Christophe Bonneuil is a senior researcher in History of Science, Science Studies, and Environmental History at the Centre Alexandre Koyré (Centre National de la Recherche Scientifique) and teaches at the École des Hautes Études en Sciences Sociales, Paris. His research explores the co-evolution of ways of knowing and ways of governing nature and the Earth. He has recently published a global environmental history of the Anthropocene (The Shock of the Anthropocene: The Earth, History and Us, Verso, 2016 [2013 in french], with J-B. Fressoz) and edited The Anthropocene and the Global Environmental Crisis: Rethinking Modernity in a New Epoch, (Routledge, 2015, with C. Hamilton and F. Gemenne).
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Fall 2015: Jeannie Suk

Jeannie Suk is Professor of Law at Harvard Law School where she has taught criminal law and procedure, family law, and the law of art, fashion, and the performing arts. Before joining the faculty in 2006, she served as a law clerk to Justice David Souter on the United States Supreme Court, and to Judge Harry Edwards on the U.S. Court of Appeals for the D.C. Circuit. She was educated at Yale (B.A. 1995) and at Oxford (D.Phil 1999) where she was a Marshall Scholar, and is a graduate of Harvard Law School (J.D. 2002).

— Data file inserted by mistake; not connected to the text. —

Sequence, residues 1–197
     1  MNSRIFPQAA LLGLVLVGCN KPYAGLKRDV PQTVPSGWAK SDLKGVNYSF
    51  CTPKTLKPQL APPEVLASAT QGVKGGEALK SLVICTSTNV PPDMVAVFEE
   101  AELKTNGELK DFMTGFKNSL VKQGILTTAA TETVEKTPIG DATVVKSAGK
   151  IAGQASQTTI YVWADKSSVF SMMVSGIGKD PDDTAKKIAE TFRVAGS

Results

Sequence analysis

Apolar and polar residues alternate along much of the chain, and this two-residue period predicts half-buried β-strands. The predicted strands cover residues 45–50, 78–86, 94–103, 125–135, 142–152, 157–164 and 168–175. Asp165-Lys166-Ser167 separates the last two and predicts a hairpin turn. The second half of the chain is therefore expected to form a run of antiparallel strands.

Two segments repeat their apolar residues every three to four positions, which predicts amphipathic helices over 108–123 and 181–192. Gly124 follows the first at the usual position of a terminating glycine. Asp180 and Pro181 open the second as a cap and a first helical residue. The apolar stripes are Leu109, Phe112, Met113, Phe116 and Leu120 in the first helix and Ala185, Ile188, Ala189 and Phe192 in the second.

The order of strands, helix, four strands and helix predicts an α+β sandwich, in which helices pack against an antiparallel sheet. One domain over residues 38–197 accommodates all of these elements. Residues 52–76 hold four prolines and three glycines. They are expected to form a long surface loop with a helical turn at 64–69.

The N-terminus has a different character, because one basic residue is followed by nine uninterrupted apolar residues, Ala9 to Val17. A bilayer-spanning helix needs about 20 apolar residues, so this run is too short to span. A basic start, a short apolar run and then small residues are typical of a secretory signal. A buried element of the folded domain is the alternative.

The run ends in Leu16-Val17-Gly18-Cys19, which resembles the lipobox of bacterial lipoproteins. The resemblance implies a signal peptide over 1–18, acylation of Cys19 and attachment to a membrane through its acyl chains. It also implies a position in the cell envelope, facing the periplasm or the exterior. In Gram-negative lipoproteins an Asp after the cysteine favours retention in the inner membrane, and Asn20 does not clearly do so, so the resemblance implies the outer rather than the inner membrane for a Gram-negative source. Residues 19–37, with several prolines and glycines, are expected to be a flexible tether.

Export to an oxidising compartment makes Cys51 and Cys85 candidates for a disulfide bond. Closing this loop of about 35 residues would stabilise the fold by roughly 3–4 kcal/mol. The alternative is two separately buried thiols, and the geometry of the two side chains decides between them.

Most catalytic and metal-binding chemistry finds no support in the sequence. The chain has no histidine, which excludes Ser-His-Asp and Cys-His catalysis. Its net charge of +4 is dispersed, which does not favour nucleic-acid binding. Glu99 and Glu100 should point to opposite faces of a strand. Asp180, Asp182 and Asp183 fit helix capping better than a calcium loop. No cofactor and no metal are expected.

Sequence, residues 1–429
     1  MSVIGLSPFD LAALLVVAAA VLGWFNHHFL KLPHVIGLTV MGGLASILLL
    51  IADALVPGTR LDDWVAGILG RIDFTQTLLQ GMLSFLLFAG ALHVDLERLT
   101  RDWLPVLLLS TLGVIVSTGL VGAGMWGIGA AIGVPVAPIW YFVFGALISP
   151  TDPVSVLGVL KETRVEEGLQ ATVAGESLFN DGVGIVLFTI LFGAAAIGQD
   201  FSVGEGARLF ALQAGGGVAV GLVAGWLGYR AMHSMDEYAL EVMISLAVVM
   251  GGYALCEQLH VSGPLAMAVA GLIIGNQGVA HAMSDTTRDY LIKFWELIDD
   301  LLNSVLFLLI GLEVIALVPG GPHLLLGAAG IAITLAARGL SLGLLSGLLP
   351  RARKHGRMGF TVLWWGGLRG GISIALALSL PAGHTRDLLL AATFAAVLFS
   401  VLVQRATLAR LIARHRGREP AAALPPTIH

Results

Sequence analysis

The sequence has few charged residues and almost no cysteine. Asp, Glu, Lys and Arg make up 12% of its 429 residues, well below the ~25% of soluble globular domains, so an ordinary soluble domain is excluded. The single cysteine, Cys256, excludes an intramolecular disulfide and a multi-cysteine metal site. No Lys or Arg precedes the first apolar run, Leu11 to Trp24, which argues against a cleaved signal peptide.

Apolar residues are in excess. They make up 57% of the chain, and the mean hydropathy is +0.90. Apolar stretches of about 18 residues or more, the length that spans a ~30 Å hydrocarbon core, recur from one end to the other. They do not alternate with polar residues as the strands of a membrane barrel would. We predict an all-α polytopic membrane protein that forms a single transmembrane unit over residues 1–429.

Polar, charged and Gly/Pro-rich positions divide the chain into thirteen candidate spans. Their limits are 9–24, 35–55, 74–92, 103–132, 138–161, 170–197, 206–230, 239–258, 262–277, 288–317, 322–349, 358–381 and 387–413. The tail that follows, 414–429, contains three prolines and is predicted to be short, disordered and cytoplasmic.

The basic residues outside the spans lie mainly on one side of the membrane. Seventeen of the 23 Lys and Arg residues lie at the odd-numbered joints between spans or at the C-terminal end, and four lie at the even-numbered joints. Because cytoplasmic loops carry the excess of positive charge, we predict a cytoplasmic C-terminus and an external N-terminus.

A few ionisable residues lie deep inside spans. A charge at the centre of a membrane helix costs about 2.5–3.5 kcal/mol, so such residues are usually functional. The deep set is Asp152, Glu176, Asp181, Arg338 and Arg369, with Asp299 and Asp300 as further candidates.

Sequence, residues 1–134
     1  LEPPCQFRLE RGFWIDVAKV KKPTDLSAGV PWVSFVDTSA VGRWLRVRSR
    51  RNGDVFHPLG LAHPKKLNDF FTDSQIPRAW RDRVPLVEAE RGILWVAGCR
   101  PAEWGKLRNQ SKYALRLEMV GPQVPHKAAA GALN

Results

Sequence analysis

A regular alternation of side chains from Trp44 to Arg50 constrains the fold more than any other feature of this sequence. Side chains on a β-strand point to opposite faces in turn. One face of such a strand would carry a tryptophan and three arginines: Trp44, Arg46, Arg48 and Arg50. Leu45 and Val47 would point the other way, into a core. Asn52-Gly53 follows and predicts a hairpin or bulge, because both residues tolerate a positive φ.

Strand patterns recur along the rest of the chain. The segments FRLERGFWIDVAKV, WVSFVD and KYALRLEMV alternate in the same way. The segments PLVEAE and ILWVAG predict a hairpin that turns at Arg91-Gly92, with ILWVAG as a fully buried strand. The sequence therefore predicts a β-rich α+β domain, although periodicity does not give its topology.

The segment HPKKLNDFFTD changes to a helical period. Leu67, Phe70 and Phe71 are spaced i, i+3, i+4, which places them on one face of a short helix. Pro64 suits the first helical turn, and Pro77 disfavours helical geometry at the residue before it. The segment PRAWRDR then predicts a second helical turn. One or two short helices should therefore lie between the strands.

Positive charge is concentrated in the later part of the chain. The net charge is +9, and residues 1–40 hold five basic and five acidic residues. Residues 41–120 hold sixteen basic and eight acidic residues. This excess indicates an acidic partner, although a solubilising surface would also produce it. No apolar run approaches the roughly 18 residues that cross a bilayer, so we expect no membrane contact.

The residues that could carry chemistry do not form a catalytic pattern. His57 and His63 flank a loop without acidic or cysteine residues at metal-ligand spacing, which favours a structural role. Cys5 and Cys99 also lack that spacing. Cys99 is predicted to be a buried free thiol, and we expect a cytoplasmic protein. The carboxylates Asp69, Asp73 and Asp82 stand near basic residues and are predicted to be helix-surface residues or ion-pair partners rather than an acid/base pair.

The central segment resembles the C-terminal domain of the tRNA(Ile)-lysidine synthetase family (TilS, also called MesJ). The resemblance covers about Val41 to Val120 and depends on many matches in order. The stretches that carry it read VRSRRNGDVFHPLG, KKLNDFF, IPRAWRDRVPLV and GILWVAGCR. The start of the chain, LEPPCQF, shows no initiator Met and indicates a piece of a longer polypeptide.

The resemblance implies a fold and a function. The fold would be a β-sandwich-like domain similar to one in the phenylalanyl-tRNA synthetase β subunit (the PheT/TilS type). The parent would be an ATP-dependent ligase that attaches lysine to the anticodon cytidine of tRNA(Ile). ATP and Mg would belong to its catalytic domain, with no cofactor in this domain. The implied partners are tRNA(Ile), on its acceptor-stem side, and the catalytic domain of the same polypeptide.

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Spring 2015: Frédéric Neyrat

Frédéric Neyrat is a French philosopher who works on the philosophy of politics, the theory of images, and psychoanalysis.
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Spring 2015: Debjani Ganguly

Debjani Ganguly is director of the Humanities Research Centre and associate professor of literature at the Australian National University. Her areas of research include the contemporary Anglophone novel, literary forms in the new media age, postcolonial approaches to caste and dalit studies, Indian literatures in Hindi, Marathi and Bengali, language worlds in colonial/postcolonial South Asia, and Indian Ocean literary worlds from 1750-1950.
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Spring 2015: Julia Lupton